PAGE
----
Since Michael Newdow filed a lawsuit last week to remove “In God We Trust” on U.S. currency, Christian conservatives have been freaking out as if 1) this will actually work and 2) society would collapse if it did.
Franklin Graham is the latest to say the sky is falling:
I don’t care that he wants the lawsuit to fail, but it’s absolutely ridiculous to think anything bad would happen to the nation if the phrase came off our money. Hell, if it were suddenly removed and not announced, I doubt most Christians would even notice.
An atheist group is trying to sue the U.S. government to remove “In God We Trust” from our money. Not a smart move. I wonder if these people realize just what can and will happen to a nation — and a people — who want nothing to do with Almighty God or His hand of protection? President Dwight D. Eisenhower must have known. The words were first added to U.S. coins during the beginning of the Civil War, but on July 30, 1956, President Eisenhower signed a law officially declaring “In God We Trust” to be America’s official motto. There isn’t a better one. Should a handful of people — 41 atheists in this case — be able to change what has been the backbone of a nation for generations? I certainly hope not. The Bible says, “Some trust in chariots and some in horses, but we trust in the name of the Lord our God” (Psalm 20:7).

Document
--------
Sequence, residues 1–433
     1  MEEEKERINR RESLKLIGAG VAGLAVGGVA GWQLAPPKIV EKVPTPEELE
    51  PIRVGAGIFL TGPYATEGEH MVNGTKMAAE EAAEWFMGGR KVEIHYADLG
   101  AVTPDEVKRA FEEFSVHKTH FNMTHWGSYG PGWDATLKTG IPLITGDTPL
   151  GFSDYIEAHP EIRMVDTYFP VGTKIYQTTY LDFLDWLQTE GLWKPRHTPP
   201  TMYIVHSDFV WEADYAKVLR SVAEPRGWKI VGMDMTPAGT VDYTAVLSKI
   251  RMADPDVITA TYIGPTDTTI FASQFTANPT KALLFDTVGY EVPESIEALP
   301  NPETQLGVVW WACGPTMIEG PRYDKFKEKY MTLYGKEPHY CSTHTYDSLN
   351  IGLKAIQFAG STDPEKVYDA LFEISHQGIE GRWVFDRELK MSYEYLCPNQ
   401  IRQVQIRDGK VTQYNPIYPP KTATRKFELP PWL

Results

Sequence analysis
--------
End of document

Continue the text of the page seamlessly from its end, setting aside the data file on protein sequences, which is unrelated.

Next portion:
If your faith — and our nation’s total awesomeness — is dependent on a handful of words stamped on money, both must be pretty damn flimsy.
But to answer Graham’s question, should a handful of people be able to change longstanding tradition? Yes. Absolutely. That’s how the law works (if those few people are found to make a compelling legal case), and that’s how bad traditions end.
If Graham doesn’t think 41 people should have the ability to overturn longstanding tradition because they believe it’s inappropriate, then I assume he’ll finally shut up about trying to overturn Roe v. Wade.